Girl killed in hit-run described as shy, giving and thoughtful
PORTLAND, Ore. - There's something special about a dad and his daughter.
For Randal Eckerdt, 6-year-old Anna was his only daughter, his only child. And now she's gone.
"It's really tough," said Jane Samuels, Randal's fiance, as she stood on their doorstep in North Portland Wednesday night. "I think it will take him a while to come to terms with that."
Anna would spend every other weekend at the home. It was where Jane was already called "stepmom."
Anna and her 11-year-old sister, Abigail Robinson were killed in what police say was a hit-and-run Sunday night while they played in a pile of leaves in Forest Grove.
While their families grieve, the two 18-year-olds arrested in the case pleaded not guilty Wednesday.
Court documents reveal they told detectives they meant to hit the leaves but then heard a "loud bump" and kept driving.
Police say that Cinthya Garcia Cisneros was driving the SUV that hit the two girls. Her boyfriend, Mario Echeverria, is charged with tampering with evidence and hindering prosecution.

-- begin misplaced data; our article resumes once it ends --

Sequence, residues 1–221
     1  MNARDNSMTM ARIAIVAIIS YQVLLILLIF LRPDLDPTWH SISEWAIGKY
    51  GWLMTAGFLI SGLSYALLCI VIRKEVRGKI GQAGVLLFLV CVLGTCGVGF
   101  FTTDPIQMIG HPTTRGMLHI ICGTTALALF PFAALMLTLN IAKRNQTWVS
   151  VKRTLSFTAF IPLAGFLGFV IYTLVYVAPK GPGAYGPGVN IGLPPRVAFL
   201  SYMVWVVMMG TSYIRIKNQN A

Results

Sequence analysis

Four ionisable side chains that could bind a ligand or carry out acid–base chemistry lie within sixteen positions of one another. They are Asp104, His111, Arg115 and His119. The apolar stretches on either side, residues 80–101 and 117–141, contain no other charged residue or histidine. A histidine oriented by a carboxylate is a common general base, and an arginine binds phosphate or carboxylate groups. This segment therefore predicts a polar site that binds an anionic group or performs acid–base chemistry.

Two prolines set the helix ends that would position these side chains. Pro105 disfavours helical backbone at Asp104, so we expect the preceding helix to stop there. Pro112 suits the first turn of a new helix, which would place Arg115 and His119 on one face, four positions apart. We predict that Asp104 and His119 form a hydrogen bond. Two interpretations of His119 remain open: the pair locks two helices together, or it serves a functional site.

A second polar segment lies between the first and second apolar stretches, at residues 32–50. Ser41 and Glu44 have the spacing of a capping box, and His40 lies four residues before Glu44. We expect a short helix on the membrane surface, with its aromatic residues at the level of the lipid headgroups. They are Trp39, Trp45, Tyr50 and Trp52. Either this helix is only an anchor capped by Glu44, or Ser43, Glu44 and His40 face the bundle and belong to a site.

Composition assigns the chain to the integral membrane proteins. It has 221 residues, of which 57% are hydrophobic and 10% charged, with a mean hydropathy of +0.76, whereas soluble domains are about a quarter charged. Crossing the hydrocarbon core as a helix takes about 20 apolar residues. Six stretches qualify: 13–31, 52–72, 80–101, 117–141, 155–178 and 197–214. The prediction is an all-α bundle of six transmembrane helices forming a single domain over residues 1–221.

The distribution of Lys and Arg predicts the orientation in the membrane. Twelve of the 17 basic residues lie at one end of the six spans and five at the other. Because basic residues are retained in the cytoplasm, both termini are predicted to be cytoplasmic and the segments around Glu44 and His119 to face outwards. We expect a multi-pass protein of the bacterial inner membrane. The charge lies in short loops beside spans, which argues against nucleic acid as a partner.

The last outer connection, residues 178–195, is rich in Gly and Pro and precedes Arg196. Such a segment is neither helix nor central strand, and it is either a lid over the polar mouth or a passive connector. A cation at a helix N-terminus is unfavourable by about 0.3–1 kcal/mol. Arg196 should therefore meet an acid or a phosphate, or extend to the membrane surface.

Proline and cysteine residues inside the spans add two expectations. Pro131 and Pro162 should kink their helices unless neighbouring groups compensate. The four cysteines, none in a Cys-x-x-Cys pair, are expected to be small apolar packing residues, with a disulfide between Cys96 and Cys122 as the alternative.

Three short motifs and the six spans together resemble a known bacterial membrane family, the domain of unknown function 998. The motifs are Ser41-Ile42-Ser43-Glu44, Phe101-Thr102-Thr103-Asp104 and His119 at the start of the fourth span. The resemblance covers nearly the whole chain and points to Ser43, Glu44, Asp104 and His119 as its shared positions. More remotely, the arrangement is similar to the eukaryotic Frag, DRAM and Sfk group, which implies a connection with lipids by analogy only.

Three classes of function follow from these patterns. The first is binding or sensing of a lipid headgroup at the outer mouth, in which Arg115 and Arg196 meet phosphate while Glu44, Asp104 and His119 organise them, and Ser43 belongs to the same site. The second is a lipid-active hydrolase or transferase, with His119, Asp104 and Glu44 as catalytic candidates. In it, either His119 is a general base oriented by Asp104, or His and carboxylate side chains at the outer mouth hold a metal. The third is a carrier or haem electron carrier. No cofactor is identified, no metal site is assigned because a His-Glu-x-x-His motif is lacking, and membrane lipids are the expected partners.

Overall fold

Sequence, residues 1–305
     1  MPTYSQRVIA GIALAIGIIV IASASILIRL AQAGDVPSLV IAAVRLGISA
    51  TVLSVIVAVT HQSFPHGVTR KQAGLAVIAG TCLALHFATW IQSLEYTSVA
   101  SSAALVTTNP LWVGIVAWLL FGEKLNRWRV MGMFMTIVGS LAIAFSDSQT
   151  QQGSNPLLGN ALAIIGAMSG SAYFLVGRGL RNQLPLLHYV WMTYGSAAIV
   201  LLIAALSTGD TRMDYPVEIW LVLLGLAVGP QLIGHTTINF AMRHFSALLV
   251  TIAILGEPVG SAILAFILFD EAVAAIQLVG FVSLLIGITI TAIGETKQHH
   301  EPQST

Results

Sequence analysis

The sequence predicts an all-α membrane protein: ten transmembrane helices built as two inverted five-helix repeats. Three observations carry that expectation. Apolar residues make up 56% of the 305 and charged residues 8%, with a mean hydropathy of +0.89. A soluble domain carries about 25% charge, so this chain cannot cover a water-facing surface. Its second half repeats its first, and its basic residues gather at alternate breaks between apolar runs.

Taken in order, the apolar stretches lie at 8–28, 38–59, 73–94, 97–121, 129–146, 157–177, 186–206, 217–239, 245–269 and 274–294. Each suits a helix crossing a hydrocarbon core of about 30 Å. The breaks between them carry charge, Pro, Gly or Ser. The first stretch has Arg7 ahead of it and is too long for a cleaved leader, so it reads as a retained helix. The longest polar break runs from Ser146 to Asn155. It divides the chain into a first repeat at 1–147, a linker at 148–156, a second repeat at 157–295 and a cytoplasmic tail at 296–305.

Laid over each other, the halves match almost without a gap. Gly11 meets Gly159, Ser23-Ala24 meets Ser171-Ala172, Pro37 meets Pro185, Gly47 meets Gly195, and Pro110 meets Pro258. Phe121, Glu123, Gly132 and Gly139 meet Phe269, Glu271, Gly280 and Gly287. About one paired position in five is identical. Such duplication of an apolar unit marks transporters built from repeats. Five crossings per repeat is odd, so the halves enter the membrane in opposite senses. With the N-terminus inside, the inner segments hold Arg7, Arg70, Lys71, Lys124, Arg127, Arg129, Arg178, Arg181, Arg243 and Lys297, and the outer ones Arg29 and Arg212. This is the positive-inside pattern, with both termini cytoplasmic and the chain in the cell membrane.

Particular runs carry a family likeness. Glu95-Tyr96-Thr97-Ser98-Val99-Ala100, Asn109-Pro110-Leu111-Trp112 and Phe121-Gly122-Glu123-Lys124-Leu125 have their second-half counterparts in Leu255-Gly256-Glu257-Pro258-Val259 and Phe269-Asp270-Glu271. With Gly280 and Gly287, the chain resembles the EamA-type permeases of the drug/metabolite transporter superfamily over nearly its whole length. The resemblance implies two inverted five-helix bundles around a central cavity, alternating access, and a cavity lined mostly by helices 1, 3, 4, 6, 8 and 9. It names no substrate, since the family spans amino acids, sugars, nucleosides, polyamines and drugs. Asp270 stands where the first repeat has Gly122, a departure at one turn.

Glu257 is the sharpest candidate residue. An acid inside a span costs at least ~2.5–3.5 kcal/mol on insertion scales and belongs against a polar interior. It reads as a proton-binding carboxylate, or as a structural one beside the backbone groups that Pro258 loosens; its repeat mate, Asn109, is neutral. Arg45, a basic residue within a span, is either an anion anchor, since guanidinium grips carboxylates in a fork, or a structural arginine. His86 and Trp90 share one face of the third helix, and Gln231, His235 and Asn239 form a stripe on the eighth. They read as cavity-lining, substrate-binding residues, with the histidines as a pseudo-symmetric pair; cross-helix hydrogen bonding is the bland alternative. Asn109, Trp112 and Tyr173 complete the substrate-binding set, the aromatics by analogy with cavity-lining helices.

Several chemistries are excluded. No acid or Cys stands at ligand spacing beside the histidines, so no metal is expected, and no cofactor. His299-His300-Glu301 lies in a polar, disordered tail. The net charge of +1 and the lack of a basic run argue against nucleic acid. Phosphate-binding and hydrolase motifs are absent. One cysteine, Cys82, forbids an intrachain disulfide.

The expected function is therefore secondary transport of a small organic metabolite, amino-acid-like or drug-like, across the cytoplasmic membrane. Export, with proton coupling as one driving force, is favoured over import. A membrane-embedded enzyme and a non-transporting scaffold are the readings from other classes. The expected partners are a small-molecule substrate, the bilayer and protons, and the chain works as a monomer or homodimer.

Echeverria was released from jail Wednesday night.
"She's really a special little girl," Jane said about Anna. "Giving and thoughtful. (A) little bit shy, but when she got to know you she was really playful and energetic and creative.
Now the family is dealing with her absence.
But the community's support has helped. Even the food cooking in the kitchen while Jane spoke to a reporter came from friends and neighbors.
"We're really moved by how much support we have, how many people have come forward to help us out and total strangers helping us out, which is really amazing," Jane said.
The community and both families that always surrounded Anna and Abigail are coming together.
"I'm very floored ... by the strength Anna's mom and stepdad have, and what they're going through," Jane said.
They're looking for love and positivity in this time of tragedy, just like Anna would want.
They're even feeling for the two people police say are responsible.
"My heart goes out to them," Jane said. "I feel like they are in a really difficult spot. And the bottom line here is everybody's lives have changed."